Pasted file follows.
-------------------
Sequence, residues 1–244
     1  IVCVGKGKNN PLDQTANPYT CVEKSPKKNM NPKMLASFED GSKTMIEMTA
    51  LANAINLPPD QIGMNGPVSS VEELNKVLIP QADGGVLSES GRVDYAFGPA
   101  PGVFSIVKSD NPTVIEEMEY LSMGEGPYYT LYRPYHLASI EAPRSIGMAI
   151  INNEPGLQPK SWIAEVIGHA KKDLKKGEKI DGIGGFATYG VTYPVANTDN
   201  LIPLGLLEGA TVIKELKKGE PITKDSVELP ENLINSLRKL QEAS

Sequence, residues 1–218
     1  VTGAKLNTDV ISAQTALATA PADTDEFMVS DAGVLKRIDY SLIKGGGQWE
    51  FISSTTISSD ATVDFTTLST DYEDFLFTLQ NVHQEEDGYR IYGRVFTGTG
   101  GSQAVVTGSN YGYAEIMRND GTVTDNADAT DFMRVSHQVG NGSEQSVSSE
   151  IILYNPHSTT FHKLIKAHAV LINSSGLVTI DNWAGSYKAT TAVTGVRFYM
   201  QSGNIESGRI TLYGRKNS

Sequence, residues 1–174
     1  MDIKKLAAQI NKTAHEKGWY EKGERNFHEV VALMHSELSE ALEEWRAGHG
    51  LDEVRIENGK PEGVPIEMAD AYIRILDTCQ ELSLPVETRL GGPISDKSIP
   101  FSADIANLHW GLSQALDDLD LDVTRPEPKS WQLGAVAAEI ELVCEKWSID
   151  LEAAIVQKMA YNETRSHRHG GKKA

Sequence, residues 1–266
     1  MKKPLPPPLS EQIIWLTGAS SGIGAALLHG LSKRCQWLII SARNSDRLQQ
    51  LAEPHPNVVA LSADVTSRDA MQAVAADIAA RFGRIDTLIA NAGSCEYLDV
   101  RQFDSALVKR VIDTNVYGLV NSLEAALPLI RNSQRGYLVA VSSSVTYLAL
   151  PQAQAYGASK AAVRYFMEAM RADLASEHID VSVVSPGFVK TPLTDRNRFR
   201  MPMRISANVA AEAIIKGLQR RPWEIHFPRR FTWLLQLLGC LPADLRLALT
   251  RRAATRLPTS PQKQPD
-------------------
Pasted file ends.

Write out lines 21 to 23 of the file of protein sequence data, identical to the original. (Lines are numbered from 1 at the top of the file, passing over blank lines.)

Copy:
   101  RQFDSALVKR VIDTNVYGLV NSLEAALPLI RNSQRGYLVA VSSSVTYLAL
   151  PQAQAYGASK AAVRYFMEAM RADLASEHID VSVVSPGFVK TPLTDRNRFR
   201  MPMRISANVA AEAIIKGLQR RPWEIHFPRR FTWLLQLLGC LPADLRLALT